Municipalities across the Czech Republic could raise more money if local
councillors are given the ability to specifically tax properties located on
industrial zones, according to the Ministry of Finance, which is working on
the legislation. Currently, Czech municipalities are able to raise only a
fraction of what their counterparts in Germany raise through this specific
tax, according to a developer commissioned analysis. Finance Minister Alena
Schillerová (ANO) believes that if local councils are given the chance to
tax these specific properties, without targeting residents. She told Czech
Television that the specific amount of the increase is still negotiable.
The Association of Towns and Municipalities has been arguing that more money from the state budget should be allocated to these areas of administration, because, in the words of the director of the association, they are shown to be very good managers. However, the finance minister says she is not willing to make changes in budget allocations.
Total tax revenues excluding social security insurance rose by 5.4 percent
last year to 1.075 trillion crowns, the Ministry of Finance said. Collected
revenue was about 12 billion crowns lower than planned.
The Ministry of Finance anticipates even higher revenues in 2020. In part, this stems from 10 percent higher taxes on alcohol, tobacco and gambling, which should increase state revenues by about 10 billion crowns.
The aim is to keep the budget deficit at 40 billion crowns or 0.7 percent of economic output.
The fiscal year 2019 ended with a 28.5 billion crown deficit, Finance
Minister Alena Schillerová told reporters at a press briefing in Prague on
Friday. The 2019 state budget was projected with a 40 billion crown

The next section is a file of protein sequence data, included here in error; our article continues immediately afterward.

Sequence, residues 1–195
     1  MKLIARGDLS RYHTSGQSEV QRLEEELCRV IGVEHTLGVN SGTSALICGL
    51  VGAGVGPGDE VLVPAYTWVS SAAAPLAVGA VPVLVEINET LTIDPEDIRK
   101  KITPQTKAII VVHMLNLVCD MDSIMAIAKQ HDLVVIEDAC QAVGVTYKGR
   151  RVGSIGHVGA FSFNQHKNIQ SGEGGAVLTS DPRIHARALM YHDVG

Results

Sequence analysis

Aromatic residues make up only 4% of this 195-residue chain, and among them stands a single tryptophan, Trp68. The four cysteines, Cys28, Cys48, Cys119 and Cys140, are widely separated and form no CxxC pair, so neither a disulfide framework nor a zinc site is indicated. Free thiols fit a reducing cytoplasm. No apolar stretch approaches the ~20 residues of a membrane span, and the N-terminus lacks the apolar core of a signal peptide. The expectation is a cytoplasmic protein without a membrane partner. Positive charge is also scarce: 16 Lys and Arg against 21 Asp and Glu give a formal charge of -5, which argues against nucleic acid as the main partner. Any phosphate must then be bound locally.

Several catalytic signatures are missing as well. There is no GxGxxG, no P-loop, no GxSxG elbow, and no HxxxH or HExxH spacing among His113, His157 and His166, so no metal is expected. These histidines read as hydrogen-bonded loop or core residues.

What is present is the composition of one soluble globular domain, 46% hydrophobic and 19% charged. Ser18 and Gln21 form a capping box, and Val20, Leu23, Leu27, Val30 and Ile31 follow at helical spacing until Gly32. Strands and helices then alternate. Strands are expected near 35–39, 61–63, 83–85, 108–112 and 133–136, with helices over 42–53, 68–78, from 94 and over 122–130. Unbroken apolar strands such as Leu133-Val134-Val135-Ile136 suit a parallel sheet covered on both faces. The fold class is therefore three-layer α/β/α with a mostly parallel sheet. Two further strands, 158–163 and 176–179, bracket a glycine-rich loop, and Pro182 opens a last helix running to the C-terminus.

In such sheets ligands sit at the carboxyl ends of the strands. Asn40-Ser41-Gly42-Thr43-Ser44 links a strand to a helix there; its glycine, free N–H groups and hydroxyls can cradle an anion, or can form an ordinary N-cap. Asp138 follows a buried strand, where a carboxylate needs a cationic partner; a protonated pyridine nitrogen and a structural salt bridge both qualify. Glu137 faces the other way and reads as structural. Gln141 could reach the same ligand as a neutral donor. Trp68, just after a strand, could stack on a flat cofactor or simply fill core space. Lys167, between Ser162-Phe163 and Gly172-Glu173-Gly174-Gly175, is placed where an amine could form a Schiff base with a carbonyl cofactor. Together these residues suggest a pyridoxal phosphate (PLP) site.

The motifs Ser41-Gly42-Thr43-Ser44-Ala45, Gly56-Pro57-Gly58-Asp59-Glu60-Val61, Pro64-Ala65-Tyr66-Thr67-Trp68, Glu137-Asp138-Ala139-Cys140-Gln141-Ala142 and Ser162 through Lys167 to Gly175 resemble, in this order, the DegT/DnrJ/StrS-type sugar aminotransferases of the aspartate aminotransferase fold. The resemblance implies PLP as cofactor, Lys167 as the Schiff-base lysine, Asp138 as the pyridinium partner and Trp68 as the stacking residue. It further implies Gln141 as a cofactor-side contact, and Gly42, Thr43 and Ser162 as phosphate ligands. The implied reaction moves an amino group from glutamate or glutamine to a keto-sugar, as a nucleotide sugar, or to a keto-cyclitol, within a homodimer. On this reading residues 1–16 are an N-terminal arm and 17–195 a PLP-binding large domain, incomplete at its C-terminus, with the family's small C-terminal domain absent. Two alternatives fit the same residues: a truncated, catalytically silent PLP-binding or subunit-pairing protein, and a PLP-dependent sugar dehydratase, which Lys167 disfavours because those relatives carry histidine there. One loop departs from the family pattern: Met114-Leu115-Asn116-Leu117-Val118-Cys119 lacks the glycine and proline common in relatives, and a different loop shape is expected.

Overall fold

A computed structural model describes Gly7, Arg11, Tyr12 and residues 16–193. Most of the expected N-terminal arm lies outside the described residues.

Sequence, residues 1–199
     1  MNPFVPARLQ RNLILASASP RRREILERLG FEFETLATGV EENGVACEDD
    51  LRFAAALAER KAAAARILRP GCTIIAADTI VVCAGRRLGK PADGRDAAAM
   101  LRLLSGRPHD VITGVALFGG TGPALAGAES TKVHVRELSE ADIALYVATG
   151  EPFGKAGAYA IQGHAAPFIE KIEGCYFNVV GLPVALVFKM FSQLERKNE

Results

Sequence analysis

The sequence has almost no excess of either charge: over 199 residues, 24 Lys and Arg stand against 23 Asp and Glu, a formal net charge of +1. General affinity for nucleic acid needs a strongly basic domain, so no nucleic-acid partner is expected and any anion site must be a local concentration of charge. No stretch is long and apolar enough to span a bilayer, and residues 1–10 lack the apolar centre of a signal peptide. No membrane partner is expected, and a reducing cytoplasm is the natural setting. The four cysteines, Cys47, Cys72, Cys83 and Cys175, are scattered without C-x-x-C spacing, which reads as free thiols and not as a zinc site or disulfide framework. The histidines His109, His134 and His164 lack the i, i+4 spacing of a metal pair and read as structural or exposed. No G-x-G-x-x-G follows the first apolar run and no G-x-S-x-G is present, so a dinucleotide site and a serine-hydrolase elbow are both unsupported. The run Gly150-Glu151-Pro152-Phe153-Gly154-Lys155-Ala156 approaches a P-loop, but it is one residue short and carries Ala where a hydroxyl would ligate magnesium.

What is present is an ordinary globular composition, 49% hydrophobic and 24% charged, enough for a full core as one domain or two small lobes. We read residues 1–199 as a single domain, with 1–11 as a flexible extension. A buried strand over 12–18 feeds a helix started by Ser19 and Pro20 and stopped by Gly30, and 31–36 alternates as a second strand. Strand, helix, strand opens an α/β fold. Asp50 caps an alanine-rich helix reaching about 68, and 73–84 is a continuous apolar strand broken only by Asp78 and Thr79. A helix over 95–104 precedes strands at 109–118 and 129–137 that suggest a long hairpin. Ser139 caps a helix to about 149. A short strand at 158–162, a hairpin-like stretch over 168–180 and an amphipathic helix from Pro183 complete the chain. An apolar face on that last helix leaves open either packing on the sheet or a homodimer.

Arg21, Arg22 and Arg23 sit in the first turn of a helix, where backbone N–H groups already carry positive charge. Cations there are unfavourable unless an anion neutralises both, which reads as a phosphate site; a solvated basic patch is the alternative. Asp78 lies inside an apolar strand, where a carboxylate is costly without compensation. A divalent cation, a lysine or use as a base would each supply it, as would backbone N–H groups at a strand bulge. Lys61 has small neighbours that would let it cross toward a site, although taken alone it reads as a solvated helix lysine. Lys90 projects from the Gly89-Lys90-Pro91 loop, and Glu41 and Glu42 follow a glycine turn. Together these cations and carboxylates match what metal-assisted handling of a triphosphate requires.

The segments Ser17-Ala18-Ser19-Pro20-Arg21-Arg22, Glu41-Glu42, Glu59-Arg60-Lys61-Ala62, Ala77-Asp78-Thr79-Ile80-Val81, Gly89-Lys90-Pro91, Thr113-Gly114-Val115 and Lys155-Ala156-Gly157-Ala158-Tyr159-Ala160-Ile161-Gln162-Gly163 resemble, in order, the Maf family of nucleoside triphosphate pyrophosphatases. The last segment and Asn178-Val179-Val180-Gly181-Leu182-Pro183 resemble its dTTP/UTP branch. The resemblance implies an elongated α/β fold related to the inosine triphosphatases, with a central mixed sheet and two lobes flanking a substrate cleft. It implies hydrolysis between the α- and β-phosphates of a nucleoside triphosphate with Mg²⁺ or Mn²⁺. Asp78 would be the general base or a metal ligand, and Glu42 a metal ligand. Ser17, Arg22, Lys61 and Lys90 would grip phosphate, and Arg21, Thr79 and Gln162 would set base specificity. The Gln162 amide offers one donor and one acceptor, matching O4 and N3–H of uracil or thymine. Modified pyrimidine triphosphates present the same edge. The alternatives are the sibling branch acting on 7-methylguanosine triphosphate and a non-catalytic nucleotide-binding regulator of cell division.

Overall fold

deficit. Although it was narrowed by 11.5 billion, the deficit is still the
highest since 2015.
Opposition parties have criticized the result, arguing that there is no justification for a deficit budget at a time of solid economic growth. They moreover criticize the fact that large sums are spent on the social sphere rather than on investments.
The 2018 budget ended on a surplus of 2.9 billion, despite the projected 50 billion crown deficit.
The Czech economy grew at a healthy pace, the country’s unemployment rate is at the lowest in decades, wage growth remained solid and inflation stayed under control. By most measures, 2019 was a good year for the country, former central bank governor Miroslav Singer says. But he cautions that while the Czech Republic has caught with some Western European countries in purchasing power, it has neglected investment in infrastructure for the long haul.
The Czech Republic will not be offering grants to students from developing
countries next year due to a cut in finances, Czech Radio reported on
In the years between 2013 and 2019 the country annually financed the studies of 130 students from the developing world at Czech universities, paying them 14 thousand crowns a month in addition to accommodation.
The program is being curtailed after the finance and foreign ministries failed to get an additional 13.5 million crowns to keep it going.
The 112 million earmarked for the project this year will only suffice to allow the students already here to conclude their studies.
Czechs will have to pay more for spirits and tobacco products in 2020.
Under a tax amendment approved by Parliament in December the excise tax on tobacco and cigarettes will go up by 10 percent in 2020, while that on spirits by 13 percent.
Certain forms of gambling will also see a tax increase from 23 to 25 percent.
While the ministry expects the price of a packet of cigarettes to rise by around five crowns next year, tobacco companies say consumers are likely to pay an extra 12 or 13 crowns.
The average Czech household spent 149,162 crowns per person last year,
according to figures released by the Czech Statistics Office. Consumer
spending, which includes spending on food, housing, holidays, health,
transport or education, increased by 3.4 percent year-on-year.
The biggest share of the family budget is spent on housing, the second biggest amount is spent on food. The cost of food and accommodation increased by more than seven percent last year.
The only expenditures that showed a year-on-year decline were postal and telecommunication services due to lower mobile and internet tariffs.
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